Grau would like to see a focus on infrastructure, “the pipes, roads, and sewers. Ultimately, those are the ones that are going to bite us in the butt, going down the road.”

Regional Cooperation

“There’s power struggles going on. Those have been going on for the last eight years, some of them are naturally occurring, but those power struggles need to stop,” when going up against the provincial government to receive money for infrastructure, health care, ambulance & emergency services, schools and seniors, the region needs to stand united, says Grau. Not through regional government, but rather through cooperation in looking at what’s best for the region as a whole. “Watching some of the forums, in the MD, everyone seems to be of the same mind. Let’s focus on challenges we have in common [and how to resolve them].”

As far as cost-sharing, new mandates from the provincial government may have municipalities opening up their wallets to each other, “the new additions to the MGA (Municipal Government Act) and ICF (Inter-Municipal Cooperation Framework) are heading us in that direction, where we may be forced to do it.” Grau suggests the region be proactive in this, “there is a lot of money in this area and the challenges we have to this area can be solved with the amount of money we have in this region. ID-349 is vital for this. The stability we have in one part of the region is important to another part. Once we start looking at it that way, that what’s important here is important in Bonnyville or the other way around, we’re going to be better for it.”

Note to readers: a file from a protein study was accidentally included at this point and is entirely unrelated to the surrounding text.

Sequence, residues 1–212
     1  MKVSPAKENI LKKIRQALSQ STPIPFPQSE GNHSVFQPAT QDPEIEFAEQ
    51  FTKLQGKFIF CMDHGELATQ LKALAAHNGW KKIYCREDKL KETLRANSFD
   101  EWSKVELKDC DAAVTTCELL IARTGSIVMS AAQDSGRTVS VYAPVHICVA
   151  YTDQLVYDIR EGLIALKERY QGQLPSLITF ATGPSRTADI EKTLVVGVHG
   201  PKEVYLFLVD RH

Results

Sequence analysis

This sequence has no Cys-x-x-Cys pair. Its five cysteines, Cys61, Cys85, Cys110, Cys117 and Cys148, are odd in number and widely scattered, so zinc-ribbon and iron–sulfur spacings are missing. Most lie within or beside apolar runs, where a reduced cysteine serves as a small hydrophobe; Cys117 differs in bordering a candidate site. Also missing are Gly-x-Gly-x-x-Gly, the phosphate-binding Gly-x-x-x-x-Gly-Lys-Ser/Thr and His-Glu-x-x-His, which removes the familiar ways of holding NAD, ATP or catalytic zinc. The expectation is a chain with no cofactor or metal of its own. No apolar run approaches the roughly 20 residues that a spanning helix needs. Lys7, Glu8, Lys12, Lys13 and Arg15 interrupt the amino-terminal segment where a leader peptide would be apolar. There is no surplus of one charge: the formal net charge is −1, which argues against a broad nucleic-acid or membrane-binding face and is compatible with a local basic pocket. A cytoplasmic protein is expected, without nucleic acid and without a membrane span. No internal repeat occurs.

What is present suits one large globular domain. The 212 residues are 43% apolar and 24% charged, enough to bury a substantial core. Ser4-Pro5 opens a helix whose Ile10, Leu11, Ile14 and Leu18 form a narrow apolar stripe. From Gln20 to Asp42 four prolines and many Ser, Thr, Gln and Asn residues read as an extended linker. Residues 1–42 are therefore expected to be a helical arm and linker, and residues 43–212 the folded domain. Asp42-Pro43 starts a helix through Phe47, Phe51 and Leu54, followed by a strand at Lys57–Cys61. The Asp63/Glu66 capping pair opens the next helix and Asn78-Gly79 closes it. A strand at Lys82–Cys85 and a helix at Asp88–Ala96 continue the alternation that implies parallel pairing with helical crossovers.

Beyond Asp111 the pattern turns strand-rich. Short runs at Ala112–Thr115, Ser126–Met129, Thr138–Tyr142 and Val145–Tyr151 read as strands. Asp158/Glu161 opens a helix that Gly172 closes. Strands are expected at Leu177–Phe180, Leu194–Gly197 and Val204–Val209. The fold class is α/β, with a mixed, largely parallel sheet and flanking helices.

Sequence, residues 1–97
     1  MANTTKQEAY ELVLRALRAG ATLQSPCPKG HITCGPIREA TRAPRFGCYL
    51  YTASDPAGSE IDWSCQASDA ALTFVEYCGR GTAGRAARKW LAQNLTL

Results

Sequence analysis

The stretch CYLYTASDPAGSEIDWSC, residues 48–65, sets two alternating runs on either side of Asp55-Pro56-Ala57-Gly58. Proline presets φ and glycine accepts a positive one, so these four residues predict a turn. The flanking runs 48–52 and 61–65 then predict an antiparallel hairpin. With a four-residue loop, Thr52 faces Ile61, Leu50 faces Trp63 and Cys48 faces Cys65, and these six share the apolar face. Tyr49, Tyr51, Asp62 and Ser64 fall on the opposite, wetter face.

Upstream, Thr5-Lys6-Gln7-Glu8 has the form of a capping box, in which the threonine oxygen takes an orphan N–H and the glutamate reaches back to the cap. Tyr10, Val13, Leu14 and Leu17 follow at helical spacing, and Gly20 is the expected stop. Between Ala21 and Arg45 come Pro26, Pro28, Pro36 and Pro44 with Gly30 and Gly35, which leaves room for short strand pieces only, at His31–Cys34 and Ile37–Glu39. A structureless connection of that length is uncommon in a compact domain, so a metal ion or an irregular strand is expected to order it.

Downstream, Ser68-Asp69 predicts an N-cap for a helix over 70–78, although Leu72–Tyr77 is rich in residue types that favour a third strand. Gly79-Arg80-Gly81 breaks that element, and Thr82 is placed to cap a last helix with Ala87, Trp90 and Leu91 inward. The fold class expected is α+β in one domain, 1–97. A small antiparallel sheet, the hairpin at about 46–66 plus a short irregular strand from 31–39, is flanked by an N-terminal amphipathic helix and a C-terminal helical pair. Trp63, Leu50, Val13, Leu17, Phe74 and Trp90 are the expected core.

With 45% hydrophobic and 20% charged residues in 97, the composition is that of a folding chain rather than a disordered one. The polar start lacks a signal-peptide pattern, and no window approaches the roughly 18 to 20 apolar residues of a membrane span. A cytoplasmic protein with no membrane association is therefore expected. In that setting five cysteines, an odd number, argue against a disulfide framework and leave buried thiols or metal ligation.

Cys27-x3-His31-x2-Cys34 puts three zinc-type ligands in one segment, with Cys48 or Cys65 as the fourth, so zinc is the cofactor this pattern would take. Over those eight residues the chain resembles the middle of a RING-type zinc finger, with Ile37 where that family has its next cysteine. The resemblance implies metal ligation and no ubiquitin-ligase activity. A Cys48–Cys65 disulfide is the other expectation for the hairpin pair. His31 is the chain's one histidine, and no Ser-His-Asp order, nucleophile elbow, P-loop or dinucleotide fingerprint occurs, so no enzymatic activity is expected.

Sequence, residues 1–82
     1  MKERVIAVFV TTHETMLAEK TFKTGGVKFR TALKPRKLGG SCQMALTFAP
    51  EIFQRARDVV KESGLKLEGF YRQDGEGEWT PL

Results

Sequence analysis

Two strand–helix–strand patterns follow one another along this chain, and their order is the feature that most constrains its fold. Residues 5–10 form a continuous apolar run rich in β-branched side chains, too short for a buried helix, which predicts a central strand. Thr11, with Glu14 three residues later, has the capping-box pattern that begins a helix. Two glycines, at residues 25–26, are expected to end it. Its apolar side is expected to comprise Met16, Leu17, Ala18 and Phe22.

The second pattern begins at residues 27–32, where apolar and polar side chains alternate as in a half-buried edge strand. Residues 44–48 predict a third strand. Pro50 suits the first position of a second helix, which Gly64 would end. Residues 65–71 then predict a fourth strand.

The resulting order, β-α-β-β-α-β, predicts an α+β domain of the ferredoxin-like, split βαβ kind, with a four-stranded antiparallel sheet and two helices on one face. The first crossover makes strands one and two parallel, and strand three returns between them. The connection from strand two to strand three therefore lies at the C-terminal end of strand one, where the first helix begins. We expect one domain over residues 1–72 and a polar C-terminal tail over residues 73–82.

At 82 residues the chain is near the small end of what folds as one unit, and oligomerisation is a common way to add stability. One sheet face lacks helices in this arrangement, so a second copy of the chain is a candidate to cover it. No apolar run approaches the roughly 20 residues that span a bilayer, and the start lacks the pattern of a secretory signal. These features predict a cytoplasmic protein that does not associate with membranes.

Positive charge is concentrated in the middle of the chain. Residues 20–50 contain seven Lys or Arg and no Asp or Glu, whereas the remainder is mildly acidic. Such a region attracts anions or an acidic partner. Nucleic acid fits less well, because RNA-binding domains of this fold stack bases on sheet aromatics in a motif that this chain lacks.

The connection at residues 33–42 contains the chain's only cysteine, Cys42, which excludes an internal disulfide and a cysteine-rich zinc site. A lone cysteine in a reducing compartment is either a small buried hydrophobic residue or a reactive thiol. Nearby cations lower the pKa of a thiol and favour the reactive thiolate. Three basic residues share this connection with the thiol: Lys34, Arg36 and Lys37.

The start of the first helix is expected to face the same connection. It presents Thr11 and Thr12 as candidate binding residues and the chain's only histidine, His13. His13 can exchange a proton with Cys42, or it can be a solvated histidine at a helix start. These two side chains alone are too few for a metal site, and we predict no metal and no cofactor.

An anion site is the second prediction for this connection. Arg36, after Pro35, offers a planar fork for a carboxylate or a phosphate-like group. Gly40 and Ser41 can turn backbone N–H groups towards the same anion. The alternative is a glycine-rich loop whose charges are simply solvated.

“I want to see the city grow. I love seeing families grow, recreation grow and culture trying to break through. It’s been a really good living here. I want that for the region.” Grau hopes that in four years the relationships between neighbouring communities are bended and strong. He wants for the city to be financially stable, with reserves.

“Vote me on Monday. I’ve lived here for the last 21 years, my family has grown here and I want to see the city continue to grow.”

The election is Monday from 10:00 am to 8:00 pm at the Cold Lake Energy Centre. For more information visit coldlake.com.

About Jena Colbourne